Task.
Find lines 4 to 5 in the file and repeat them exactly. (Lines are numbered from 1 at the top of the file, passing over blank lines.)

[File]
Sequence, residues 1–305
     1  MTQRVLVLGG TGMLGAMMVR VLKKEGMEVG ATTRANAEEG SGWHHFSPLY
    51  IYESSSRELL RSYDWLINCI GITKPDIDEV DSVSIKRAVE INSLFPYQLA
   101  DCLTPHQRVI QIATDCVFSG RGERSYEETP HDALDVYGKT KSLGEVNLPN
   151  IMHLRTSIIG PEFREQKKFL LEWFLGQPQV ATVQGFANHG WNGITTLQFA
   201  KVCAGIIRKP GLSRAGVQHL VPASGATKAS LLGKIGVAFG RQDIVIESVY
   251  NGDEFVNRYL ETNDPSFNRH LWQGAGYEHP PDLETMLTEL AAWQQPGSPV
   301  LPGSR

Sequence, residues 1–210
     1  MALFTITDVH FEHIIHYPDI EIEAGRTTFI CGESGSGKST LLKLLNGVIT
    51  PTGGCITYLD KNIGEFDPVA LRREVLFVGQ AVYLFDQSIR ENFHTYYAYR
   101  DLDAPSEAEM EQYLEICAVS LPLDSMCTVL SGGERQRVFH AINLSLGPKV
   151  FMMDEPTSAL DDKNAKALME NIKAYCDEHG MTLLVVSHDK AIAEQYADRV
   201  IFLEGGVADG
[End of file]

   101  DCLTPHQRVI QIATDCVFSG RGERSYEETP HDALDVYGKT KSLGEVNLPN
   151  IMHLRTSIIG PEFREQKKFL LEWFLGQPQV ATVQGFANHG WNGITTLQFA